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George McGinnis

©Indiana University Athletics. George McGinnis once yanked down 37 rebounds in an ABA game. See more pictures of basketball.

Position: Forward

George McGinnis rivaled Julius Erving as the best player in the league, in the halcyon days of the American Basketball Association. During one season, he even tied Erving for the Most Valuable Player Award.

McGinnis was responsible for the greatest statistical game in ABA history -- 52 points and 37 rebounds -- and played in the ABA Finals three times in four seasons.

More than 20 years later, he still holds Indiana Pacers franchise records for points in a game, rebounds in a game, and single-season scoring average. The Karl Malone of his generation, McGinnis moved easily and pounded the offensive boards. He enjoyed contact from his days as a prep football All-America lineman. "I like going inside, knocking a few people around, and coming out with the ball," he said.

Only 20 years old when he joined the professional ranks, McGinnis tended to lose control early in his career, launching no-hope jump shots or barreling into defenders, all while trying to imitate the more popular Erving. Yet despite his recklessness, McGinnis could be a team player. He averaged 8.2 assists in the 1975 playoffs -- along with 32.3 points and 15.9 rebounds!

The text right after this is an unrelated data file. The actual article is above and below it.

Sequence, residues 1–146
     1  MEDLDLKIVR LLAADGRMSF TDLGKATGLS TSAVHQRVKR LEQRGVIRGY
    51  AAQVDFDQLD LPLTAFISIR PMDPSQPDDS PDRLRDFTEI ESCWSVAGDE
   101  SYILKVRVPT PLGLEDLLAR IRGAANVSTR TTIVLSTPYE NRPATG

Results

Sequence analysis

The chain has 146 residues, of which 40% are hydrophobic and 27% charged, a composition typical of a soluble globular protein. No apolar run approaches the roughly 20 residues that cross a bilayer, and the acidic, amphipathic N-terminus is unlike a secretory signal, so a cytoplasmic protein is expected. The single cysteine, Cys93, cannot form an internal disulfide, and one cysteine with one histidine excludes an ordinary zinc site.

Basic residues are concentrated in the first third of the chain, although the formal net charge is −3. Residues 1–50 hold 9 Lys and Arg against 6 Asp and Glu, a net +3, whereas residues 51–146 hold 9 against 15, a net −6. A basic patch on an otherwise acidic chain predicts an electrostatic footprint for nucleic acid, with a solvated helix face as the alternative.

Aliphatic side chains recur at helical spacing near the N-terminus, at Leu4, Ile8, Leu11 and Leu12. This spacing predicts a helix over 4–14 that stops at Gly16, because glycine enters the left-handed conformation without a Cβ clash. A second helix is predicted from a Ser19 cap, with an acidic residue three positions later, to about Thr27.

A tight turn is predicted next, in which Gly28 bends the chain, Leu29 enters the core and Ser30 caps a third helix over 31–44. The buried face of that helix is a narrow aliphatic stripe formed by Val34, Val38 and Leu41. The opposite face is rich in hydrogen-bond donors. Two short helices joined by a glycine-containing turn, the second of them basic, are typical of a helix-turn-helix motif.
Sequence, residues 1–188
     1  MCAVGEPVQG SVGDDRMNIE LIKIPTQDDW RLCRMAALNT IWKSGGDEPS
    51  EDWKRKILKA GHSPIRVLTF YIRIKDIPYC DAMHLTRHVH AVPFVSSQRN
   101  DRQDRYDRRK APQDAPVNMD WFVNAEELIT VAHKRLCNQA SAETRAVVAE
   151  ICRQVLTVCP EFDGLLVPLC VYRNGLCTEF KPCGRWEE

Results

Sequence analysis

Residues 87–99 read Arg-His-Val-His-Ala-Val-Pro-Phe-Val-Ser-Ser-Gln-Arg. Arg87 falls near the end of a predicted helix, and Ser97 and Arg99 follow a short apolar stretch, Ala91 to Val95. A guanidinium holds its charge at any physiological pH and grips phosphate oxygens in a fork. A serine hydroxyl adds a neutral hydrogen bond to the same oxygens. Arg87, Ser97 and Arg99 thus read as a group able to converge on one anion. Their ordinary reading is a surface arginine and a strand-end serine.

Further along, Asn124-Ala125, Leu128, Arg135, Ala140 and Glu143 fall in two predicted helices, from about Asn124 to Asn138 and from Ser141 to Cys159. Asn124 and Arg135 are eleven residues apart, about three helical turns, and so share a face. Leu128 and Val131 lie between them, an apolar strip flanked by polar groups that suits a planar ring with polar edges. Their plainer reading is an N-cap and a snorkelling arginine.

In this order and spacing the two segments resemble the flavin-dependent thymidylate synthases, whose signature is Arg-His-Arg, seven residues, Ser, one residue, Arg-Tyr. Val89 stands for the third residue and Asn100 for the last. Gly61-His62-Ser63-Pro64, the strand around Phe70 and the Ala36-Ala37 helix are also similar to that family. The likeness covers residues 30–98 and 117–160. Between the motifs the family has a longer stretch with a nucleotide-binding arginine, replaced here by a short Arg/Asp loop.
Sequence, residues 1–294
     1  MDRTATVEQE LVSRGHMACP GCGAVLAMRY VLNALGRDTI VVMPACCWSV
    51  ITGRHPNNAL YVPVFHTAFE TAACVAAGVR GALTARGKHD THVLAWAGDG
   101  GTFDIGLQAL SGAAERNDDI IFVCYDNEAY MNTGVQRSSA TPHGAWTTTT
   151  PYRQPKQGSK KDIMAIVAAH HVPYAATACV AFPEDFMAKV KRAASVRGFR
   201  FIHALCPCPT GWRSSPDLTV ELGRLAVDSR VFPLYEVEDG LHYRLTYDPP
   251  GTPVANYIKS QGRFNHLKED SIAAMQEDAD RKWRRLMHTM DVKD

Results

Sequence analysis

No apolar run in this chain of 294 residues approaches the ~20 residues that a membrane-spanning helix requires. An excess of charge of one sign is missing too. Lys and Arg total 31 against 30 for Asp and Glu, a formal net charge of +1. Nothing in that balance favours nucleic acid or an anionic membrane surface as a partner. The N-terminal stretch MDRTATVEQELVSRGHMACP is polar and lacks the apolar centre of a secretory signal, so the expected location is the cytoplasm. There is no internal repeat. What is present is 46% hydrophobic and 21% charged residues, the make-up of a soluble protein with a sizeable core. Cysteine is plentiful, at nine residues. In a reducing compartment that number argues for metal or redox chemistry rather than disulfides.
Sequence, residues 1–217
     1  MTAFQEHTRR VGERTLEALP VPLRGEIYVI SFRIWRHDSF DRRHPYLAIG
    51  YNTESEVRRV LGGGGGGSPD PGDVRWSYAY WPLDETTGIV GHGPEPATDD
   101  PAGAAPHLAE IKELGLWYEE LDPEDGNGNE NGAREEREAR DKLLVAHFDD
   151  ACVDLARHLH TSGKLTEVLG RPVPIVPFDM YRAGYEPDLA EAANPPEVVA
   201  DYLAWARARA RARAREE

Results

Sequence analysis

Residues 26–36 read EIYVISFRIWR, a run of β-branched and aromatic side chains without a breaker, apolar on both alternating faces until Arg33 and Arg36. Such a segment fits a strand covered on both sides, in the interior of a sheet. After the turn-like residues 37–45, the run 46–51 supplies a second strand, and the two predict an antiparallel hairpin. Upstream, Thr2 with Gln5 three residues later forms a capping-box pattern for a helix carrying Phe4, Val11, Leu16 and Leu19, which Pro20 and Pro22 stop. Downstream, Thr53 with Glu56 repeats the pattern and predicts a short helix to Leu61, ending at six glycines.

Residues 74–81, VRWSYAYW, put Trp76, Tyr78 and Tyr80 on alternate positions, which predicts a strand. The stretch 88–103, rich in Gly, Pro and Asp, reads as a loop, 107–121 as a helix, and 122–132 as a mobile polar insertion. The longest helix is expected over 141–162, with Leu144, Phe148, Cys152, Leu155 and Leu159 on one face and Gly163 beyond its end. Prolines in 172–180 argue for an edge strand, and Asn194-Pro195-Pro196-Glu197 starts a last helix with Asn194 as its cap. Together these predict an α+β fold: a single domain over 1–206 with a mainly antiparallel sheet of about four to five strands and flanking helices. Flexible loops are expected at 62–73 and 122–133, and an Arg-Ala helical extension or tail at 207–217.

Born August 12, 1950, in Indianapolis, McGinnis became a Hoosier state institution, winning Indiana's coveted Mr. Basketball award in high school before signing with Indiana University in 1969. His 30.0-points-a-game scoring average ranked fourth nationally in 1971, and he was among the best rebounders at 14.7 a game. After one season at IU, he signed with his hometown pro team, the Pacers.

Big George (6' 8", 240 pounds) played 11 pro seasons, beginning and ending with the Pacers. In between, he played for the Philadelphia 76ers and the Denver Nuggets of the NBA, having jumped to the 76ers in 1975, a year before the leagues merged. Though he averaged more than 20 points his first four seasons in the NBA, his best years were in the ABA.

He helped the Pacers win championships in 1972 and 1973 and carried them back to the Finals in 1975. He scored 58 points against Dallas in 1972 and edged Erving for the league scoring title in 1975. He returned to the Pacers in 1980 and retired in 1982.

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